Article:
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Motion Detection

By default, the DVR continuously records so it doesn’t make sense in this mode to Enable Record on motion detection. However, it does make sense to send an email if motion is detected. To achieve these aims, configure parameters on the following screen as shown. Remember to save settings.

screenshot.13a

Now, select individual channels on the above screen and click Area setting to set up areas of detection. In the example below, email alerts are sent if motion is detected in front of doors or windows. It’s important to be selective when choosing areas of detection. Why? Consider selecting the whole viewing area. The likelihood of ‘noise’ being introduced and unnecessary email alerts being issued increases.  This can occur, for instance, if a large insect or bird flies within a grid reference that isn’t significant for motion detection.

screenshot.12

If you get a lot of false positives, adjust the motion detection area in the Area Setting screen, or reduce the sensitivity of detection in the Video detect screen.

If video loss occurs, email alerts should also be sent. To achieve this, configure the Video Loss screen as shown.

screenshot.14a

Auto Login and Preview

Finally, to skip the login screen and go straight to viewing the cameras, configure Auto Window Login as shown below. For Server, use the IP address of the DVR if you’re not using a local DNS for name resolution. Don’t forget to enable the Allow Auto Login and Preview checkbox and remember to save settings.

screenshot.15a

Now, for good measure, click Save All and then Exit Settings.

screenshot.15b

To log out and return to the login screen, click Login and then Logout from the Login server screen.

screenshot.18a

Enable the checkboxes shown in the Login server screen below. Autologin from a limited user account as it is not possible to tamper with any of the configuration settings from a limited account. Autologin from the admin account is not recommended.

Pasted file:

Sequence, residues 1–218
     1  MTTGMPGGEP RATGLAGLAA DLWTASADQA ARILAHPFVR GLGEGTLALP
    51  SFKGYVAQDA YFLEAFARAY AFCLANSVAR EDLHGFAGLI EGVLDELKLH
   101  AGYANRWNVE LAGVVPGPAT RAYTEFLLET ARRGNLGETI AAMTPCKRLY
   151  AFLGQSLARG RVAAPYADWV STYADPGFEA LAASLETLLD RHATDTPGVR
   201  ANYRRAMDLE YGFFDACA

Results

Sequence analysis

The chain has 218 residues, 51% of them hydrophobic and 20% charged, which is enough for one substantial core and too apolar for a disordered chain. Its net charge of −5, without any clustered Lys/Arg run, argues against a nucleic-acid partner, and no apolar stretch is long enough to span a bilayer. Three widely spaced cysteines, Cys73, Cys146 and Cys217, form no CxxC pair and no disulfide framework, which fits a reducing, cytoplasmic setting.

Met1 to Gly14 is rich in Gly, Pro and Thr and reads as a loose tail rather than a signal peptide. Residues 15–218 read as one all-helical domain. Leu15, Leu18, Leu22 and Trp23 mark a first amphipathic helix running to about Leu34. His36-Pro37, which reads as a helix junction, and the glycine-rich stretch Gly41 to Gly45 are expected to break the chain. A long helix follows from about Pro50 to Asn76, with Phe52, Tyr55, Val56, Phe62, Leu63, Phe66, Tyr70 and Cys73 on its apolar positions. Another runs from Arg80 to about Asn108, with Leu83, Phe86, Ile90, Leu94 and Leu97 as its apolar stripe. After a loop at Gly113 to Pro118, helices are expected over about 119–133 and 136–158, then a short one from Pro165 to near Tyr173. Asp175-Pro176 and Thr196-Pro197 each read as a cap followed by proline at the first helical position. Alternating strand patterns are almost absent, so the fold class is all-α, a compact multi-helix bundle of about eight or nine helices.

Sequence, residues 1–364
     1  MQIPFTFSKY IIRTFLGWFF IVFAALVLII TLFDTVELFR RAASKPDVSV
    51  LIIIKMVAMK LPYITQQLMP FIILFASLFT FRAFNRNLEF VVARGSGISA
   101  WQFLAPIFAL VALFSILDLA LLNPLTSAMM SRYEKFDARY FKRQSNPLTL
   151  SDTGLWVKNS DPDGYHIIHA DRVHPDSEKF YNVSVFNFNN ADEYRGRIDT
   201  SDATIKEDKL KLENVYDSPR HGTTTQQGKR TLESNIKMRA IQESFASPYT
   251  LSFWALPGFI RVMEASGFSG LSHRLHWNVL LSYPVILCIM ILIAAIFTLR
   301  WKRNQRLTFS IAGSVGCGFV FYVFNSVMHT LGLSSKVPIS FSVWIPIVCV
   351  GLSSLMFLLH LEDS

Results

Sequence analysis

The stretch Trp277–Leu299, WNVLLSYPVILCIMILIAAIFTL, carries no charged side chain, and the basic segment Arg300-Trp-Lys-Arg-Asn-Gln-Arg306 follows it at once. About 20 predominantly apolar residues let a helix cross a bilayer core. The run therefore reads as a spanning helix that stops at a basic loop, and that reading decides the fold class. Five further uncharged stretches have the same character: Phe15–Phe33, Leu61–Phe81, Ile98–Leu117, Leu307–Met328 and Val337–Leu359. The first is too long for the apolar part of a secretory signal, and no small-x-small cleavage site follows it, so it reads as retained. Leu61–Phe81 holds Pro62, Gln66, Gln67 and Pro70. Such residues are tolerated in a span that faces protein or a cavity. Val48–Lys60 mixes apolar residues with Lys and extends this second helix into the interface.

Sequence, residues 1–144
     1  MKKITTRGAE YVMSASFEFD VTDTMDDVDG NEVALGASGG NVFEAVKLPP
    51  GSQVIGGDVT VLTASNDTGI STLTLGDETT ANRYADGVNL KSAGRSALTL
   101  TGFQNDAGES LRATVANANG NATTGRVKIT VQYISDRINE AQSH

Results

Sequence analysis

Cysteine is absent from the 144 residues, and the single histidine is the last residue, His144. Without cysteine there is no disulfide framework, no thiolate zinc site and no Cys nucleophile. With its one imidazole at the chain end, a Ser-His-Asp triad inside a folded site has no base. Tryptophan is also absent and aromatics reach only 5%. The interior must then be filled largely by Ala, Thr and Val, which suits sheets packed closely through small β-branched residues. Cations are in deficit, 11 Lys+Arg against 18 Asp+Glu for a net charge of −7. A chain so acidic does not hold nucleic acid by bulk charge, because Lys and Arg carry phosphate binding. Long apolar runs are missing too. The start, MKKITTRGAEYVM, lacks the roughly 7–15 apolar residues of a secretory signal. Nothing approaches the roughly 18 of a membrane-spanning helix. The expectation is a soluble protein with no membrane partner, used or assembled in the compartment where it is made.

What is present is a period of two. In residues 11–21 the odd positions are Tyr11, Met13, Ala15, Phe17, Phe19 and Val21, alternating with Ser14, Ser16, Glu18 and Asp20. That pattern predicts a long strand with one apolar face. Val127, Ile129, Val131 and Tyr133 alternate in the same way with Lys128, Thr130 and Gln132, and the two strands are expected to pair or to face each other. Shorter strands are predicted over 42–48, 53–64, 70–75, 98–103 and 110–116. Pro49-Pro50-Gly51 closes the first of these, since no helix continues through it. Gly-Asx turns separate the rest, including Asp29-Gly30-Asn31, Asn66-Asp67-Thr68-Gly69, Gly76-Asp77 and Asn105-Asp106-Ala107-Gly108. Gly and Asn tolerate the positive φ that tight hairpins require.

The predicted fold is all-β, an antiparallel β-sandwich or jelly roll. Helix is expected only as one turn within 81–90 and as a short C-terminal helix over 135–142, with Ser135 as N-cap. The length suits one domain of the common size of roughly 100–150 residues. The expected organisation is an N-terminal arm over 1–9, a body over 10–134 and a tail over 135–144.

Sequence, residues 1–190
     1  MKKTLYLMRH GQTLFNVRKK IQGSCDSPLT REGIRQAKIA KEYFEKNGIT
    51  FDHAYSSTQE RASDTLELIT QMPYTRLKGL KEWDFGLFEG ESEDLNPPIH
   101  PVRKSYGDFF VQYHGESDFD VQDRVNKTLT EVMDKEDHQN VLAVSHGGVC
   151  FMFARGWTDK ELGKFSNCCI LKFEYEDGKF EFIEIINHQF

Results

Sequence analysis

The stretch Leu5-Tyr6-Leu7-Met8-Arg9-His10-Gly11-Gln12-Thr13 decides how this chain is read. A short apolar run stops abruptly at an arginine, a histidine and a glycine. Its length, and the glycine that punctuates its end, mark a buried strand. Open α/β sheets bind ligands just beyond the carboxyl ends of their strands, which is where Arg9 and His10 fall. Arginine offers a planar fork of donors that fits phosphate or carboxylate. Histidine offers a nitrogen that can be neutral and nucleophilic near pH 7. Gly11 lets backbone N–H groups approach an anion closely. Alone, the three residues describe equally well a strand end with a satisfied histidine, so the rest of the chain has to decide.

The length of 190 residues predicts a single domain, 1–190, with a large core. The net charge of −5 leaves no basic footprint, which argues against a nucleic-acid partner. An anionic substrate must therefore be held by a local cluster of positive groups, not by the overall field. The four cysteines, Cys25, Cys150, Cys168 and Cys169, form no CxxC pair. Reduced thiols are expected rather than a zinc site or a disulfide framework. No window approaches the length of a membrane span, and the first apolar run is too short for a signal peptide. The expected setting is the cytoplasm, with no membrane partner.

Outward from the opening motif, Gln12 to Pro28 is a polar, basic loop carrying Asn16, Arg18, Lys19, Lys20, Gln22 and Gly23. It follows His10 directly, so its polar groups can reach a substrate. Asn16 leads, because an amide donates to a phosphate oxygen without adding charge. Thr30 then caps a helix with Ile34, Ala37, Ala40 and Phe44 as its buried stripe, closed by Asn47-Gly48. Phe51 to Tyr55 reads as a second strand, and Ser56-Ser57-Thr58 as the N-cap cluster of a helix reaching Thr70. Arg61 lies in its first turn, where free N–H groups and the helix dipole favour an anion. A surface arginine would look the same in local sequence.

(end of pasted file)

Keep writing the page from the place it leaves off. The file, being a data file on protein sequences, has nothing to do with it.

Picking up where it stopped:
screenshot.19a

Test autologin and preview by closing IE, restarting it and re-establishing a connection to the DVR via its IP address or hostname. You should bypass the Login server screen and be taken directly to the camera preview screen.

The notes above cover indirect access to the DVR from Windows machines on the LAN. Next, we’ll look at indirect access to the cameras from the internet for smartphones.

Internet Setup

Internet Gateway Considerations

First, if your internet gateway supports it, enable UPnP. If not, you will have to manually configure ports on the gateway to allow inbound access from the internet to the DVR. This is required if you want to be able to monitor cameras or playback footage from a smartphone anywhere in the world.

DVR considerations

Assuming your internet gateway supports UPnP, log back into the DVR. Enter Setup and tick the Enable UPnP checkbox under the Network setting tab. Remember to click Save.

screenshot.20a

CAWDView for Android

The instructions that follow are for CAWDView for Android. Refer to the next section for the equivalent instructions for CAWDView for IOS.

Install CAWDView (refer to the Q & A below for instructions). Check that you’re using wireless data and not mobile data. You need to be on the LAN and not external to the LAN for the initial configuration of CAWDView. Fire up the app and click on LoginFree.

Screenshot_20180721-230802a

Select Device Manage from the Main Menu.

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Click the orange search button on the bottom right of the Device Manage screen.

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The DVR should be found along with its unique cloud ID. Click the light blue triangle and select Add Device.

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Give the DVR an easily identifiable Alias and supply a valid User ID and Password to log on to the DVR.

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Click the plus (+) symbol to add the DVR to CAWDView. This will bring you back to the Device Manage screen with the DVR alias now included. Now click on the alias name and not the light blue triangle associated with it.

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This will bring you to the camera channels screen. For each channel, click on the light blue triangle. Click Modify Alias and alter the channel name to match that provided during the initial setup of the DVR.

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Now, switch off wireless access on the phone so that the phone now appears external to the LAN. Return to the CAWDView Main Menu and attempt Real Time Monitoring of the DVR. More than likely it will fail. Not to worry. Refer to the first question in the Q & A section below for an explanation.

CAWDView for IOS

Install CAWDView from the App Store. Check that you’re using wireless data and not mobile data. You need to be on the LAN and not external to the LAN for the initial configuration of CAWDView. Fire up the app and click on LoginFree.